While Philadelphia freezes in winter’s hold, rest easily knowing that Thaddeus Phillips — the experimental multimedia theater performer, director, playwright and early Philadelphia Fringe Fest adopter who forever made Old City and South Philly his home – is nestled warmly in his current home studio dwelling in Cajica, Colombia, while preparing his newest virtual interactive showcase, “Zoo Mundo.”
Co-created as a follow-up to and continued journey through his 2020 virtual theater piece, “Zoo Motel,” with his wife, playwright-director Tatiana Mallarino and Philadelphia designer-artist Steven Dufala, “Zoo Mundo” runs from Monday until Feb. 13, and can be accessed on a nightly basis at www.zoomundo.org.
Once in on the action of Zoo Mundo’s world, rather than just becoming part of Phillps’s made, marvelous, in-studio surroundings, his team vividly imagines you (or allows you to imagine yourself) outdoors, within three different stories and trade routes out of East Africa that follows “the first humans and the first coffee beans.” With Phillips as your guide through Dufala’s miniature landscapes, your Zoo world – that of the world wide web – moves through the team’s interpretation of Addis Ababa, Venice, Moscow, the Siberian Express, across the Bering Straits, and down the Pacific coast ending in Antarctica.
“The entire planet is my palate,” says Phillips. “Whether working in Philadelphia or South America, my geography is free.”
Phillips’s Zoo universe came about during the top of the pandemic as the artist realized that his Colombian studio had begun to resemble a hotel room. With that, Zoo Motel first came to symbolize COVID’s claustrophobia, a cluttered motel suite where you could never check out — left to your own devices, and that of the Zoo keepers.
“As the pandemic waned, the possibilities of performing over the WWW exploded, not only because of the worlds we could create, but because we had visitor-viewers from Serbia, Australia, Montreal, Philadelphia – everywhere at the same time,” he says.
Add to the fact that Zoo Motel wasn’t your typical virtual piece with its 3-D analog realities and handmade feel, and Phillips and Dufala’s next trek along the Zoo universe had to be even more expansive.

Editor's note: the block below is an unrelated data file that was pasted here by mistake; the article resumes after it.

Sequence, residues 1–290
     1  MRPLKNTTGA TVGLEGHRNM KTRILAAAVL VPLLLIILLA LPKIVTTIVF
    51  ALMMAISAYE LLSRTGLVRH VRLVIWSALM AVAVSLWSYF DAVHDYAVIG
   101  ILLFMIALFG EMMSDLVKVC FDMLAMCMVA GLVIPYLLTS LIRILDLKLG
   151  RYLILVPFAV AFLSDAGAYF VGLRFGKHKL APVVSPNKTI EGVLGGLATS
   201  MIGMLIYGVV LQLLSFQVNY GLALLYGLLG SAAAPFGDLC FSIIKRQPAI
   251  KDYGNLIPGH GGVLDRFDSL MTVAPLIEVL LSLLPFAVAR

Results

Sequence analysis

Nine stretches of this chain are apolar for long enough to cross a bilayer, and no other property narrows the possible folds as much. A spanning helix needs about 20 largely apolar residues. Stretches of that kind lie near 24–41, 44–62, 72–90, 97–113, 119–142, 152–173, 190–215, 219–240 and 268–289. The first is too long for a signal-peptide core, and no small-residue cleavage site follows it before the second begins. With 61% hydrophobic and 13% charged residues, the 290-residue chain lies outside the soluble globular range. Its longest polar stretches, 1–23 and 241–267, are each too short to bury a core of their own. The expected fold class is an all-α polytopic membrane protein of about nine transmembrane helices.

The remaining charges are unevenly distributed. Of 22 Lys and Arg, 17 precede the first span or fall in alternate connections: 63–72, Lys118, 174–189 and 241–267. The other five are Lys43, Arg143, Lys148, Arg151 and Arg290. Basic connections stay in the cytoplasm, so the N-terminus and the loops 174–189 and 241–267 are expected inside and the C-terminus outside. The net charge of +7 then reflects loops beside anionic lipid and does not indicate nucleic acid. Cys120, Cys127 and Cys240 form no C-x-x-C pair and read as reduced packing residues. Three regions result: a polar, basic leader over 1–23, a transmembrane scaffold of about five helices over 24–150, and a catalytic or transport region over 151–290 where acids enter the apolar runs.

“Instead of looking inward as we did on Zoo Motel, we looked outward beyond the architecture of one room – a voyage,” says Phillips, moving along the real and imaginary topography of the globe as they envision it. “We wanted to go to all these places, evoke all of these worlds. The theatrical game is the same as Zoo Motel, but Zoo Mundo’s outlook is radically different.”
Using a similar form of cinematic magic that the pair utilized on its predecessor, Dufala and Phillips defined the journey of the undefinable (“editing down and curating the breadth of the entire world”), framed their locations and made miniature 3D landscapes and totems that Dufala had to mail out on the regular, from Philly to Colombia.
“We get ideas, create these things and he sends them down here,” says Phillips of Dufala. “What’s been fun – because it takes him 10 days and more in some cases to construct these items – is that Steven started sending PDF schematics of the facades to us here for us to build in some cases, like the last coffee house in Antarctica. We could print them out and build them here.”
While Zoo Motel was confined to one studio space, Zoo Mundo – as designed by Dufala, and acted out by Phillips – had no limits, and therefore, allowed for the “most ridiculously epic and technically impossible storylines… one continuous shot to create a unique, fun and harrowing theatrical event, as an examination of this planet and all its oddities, curiosities, failures and triumphs,” Phillips says.
Unlike Zoo Motel, Phillips has post-pandemic hopes, to turn Zoo Mundo into a living, breathing staged work not unlike his classic Fringe Fest performance art pieces such as “17 Border Crossings,” “A Billion Nights on Earth” and “Red-Eye to Havre de Grace.”
“That’s the plan,” says Phillips, excited at the prospect of getting out of the house in a literal and figurative sense.
For now, there’s no place like the imaginary home and travelogue of Zoo Mundo.